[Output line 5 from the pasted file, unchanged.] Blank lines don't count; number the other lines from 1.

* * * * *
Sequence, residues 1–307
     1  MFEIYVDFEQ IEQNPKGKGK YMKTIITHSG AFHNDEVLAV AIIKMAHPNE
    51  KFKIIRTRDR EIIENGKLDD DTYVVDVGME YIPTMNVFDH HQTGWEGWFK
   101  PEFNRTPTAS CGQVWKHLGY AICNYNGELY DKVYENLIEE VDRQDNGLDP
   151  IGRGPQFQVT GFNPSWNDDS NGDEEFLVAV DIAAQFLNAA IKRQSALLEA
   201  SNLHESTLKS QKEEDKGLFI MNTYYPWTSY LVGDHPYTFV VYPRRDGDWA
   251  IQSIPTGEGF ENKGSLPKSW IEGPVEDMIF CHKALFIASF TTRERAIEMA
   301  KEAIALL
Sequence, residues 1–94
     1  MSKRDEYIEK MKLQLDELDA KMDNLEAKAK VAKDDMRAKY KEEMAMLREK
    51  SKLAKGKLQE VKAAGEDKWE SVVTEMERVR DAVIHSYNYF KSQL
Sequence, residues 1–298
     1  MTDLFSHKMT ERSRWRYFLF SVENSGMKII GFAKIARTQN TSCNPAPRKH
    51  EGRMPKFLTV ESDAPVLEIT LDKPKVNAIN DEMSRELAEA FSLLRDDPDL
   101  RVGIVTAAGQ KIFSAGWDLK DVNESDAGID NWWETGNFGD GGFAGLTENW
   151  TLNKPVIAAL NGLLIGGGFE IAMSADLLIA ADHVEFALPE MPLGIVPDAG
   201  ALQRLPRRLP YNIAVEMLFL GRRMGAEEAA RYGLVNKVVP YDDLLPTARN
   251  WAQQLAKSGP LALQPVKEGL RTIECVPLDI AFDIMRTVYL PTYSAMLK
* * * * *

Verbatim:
   151  IGRGPQFQVT GFNPSWNDDS NGDEEFLVAV DIAAQFLNAA IKRQSALLEA